Clarke holds the No.1 ranking but hasn’t played for a several weeks while Ponting and Hussey, though proven warriors, are at the back end of their careers. Wade is a first gamer and the bowling attack is a mixture of experience and the virtual novice.

      I should mention that I’m basing my comments on the team you chose because I think it will be pretty much on the mark. Hilfy and Siddle are back after a great summer where they both improved markedly on what they had previously produced at this level. Pattinson looks like he will be a gun on his short career so far (although he has been spanked a bit in the short forms) and Lyon, while an outstanding prospect, still hasn’t done a lot after his Test debut.

      I confess these are the times I love most in Australian cricket. Lots of promise but who will be the guys who deliver. Watson probably needs to convert starts into meaningful scores, Warner needs some consistency, Cowan needs some scores over twenty!

      It is not beyond the realms of possibility that Australia could be 3/50 and staring down the barrel. Another saviour act required from Clarke, Ponting and Hussey as they did frequently against India this recent summer. I will certainly be feeling a lot happier if it’s the top three making scores and the next three consolidating rather than depending on four to six (and a novice no.7) to get us out of the mire.

      Wade is an unknown. Nerves will play a part but he’s probably got the series to himself to get into the swing of Test cricket. Good luck to him – I hope he does well. I feel much more comfortable with the bowlers and if they can replicate their performances against India then we are setting up a pretty good attack for the future.

      Right now Australia would have to be favourites but, as you say, they still need to concentrate on the job at hand. The Windies are quite capable of taking a mile if we give them an inch and this will be a good test of Clarke’s leadership. He’s coming off a great series win over India but it won’t count for much if Australia drops the ball here.

    • April 7th 2012 @ 9:08am
      Kersi Meher-Homji said | April 7th 2012 @ 9:08am | ! Report

      An excellent analysis, Bayman.

      Australians had it so easy against star-studded but under-performing Indians that they have to be careful against lowly-ranked but fired up Windies. The home team has nothing to lose so they will fire.
      The Windies have not beaten Australia in a Test since 2003. So they will be all agog to break this nine-year draught. Their last Test victory over Australia was the record chase of 418 to beat Steve Waugh’s Australians in the amazing fourth Test of the 2003 series in Antigua.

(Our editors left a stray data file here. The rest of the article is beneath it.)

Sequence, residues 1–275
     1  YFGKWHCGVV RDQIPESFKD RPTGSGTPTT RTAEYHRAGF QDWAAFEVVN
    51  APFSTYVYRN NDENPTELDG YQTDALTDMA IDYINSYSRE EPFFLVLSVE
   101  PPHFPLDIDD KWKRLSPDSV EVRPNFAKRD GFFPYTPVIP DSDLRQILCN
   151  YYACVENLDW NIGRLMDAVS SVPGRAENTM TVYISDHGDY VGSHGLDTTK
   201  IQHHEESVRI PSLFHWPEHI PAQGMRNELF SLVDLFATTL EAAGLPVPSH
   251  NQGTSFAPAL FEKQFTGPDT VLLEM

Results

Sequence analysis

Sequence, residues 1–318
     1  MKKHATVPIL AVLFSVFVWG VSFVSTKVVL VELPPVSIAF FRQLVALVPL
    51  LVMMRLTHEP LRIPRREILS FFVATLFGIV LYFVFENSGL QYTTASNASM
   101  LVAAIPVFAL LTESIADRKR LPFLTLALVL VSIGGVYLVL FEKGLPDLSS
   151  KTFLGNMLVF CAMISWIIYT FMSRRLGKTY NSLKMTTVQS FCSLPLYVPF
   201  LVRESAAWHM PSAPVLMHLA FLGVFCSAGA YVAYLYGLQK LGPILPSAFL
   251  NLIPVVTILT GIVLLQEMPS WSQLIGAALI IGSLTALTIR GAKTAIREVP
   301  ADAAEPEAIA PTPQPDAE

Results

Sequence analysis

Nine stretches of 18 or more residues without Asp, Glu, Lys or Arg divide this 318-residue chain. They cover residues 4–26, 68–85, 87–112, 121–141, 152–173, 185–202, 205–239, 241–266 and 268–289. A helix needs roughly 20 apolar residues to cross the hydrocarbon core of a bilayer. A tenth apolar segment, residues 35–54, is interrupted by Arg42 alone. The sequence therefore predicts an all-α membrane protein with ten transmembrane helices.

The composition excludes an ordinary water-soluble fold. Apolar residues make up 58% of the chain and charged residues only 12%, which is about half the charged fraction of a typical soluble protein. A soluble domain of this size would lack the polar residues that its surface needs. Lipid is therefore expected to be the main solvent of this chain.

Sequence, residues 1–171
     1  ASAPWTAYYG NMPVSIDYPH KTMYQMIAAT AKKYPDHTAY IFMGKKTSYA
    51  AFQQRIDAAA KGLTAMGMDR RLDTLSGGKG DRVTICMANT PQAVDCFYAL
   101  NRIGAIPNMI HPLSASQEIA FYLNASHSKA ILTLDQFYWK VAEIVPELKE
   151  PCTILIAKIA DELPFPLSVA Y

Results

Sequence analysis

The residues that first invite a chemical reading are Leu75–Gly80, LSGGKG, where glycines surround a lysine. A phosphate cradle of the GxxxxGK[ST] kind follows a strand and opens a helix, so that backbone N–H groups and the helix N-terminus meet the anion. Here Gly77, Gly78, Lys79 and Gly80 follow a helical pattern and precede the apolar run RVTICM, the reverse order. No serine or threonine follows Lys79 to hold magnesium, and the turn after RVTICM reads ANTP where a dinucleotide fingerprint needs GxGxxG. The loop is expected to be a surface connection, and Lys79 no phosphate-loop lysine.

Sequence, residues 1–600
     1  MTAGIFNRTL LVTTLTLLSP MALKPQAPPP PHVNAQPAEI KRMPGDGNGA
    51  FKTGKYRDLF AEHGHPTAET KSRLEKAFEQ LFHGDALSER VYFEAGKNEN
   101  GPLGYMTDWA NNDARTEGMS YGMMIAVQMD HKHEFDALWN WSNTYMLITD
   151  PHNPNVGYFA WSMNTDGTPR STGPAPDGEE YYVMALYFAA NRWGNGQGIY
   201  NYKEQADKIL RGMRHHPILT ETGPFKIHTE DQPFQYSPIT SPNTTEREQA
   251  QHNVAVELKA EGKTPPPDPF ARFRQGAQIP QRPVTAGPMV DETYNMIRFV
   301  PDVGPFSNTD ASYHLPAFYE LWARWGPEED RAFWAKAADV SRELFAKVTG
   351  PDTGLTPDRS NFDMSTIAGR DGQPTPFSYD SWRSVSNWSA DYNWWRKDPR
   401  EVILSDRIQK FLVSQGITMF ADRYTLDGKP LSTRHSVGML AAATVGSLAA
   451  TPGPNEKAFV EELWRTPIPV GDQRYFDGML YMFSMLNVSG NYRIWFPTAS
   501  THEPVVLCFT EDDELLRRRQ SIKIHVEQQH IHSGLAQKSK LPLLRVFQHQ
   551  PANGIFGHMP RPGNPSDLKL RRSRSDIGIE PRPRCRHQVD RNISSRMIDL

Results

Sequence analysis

Sheek, my possible WI XI in batting order: 1 Adrian Barath, 2 Kraigg Brathwaite, 3 Kirk Edwards, 4 Darren Bravo, 5 Kieran Powell, 6 Narsingh Deonarine, 7 Carlton Baugh (wk), 8 Darren Sammy (capt), 9 Ravi Rampaul, 10 Kemar Roach, 11 Devendra Bishoo.

      • April 7th 2012 @ 7:18pm
        Rhys said | April 7th 2012 @ 7:18pm | ! Report

        Shiv Chanderpaul should be in the WI starting XI

    • April 7th 2012 @ 9:20am
      Kersi Meher-Homji said | April 7th 2012 @ 9:20am | ! Report

      The West Indies Cricket Board must be reading The Roar!
      Just read in CricInfo that Gayle and the WI Cricket Board have reached some agreement and he could be back in the Windies squad for the tour to England.

      • April 7th 2012 @ 9:47am
        sheek said | April 7th 2012 @ 9:47am | ! Report

        Go Kersi, obviously they’re been reading your despatches…..!

        Also good to see the Windies have retained their unique mix of Anglo/Asian/Spanish/whatever names!

        Remember Eldine Baptiste, Sheik (Faoud) Bacchus , Easton McMorris, Garfield (Gary) Sobers, Lancelot (Lance) Gibbs, Seymour Nurse, Ellis (Puss) Achong, Oscar daCosta, Franz (Gerry) Alexander, Thaddeus (Mike) Findlay, Inshan Ali, Elquemedo Willett, Grayson Shillingford, Alvin Kallicharran, Isaac (Viv) Richards, Anderson (Andy) Roberts, Ezra Moseley, Balfour (Patrick) Patterson, just to name a few of the more exotic names of Windies cricket.

        But I reckon Eldine Ashworth Elderfield Baptiste & Sheik Farouk Ahumal Fasiel Bacchus would have to be the two most exotic of all! Followed by Easton Dudley Ashton St.John McMorris…..

        • April 8th 2012 @ 2:33pm
          Bayman said | April 8th 2012 @ 2:33pm | ! Report


          Yes, those Windies monikers have always been something else…..

          Baptiste, for example, is really Eldine Ashworth Elderfield Baptiste while the greatest player of all is Garfield St Aubrun Sobers.

          Even the three Ws are not immune – Frank Mortimore Maglinne Worrell, Everton De Courcey Weekes and Clyde Leopold Walcott.

          How about Conrad Cleophas Hunte, Hophie Horace Hines Johnson, Vanburn Alonza Holder, Simpson Clairmonte Guillen, Gerald Ethridge Gomez, Berkeley Bertram McGarrell Gaskin or Sylvester Theophilus Clarke. Great names one and all.

          Even a standard result like Wes Hall comes with the middle name of Winfield.

          By contrast names like Roy Gilchrist and Charles Christopher Griffith seem positively pedestrian.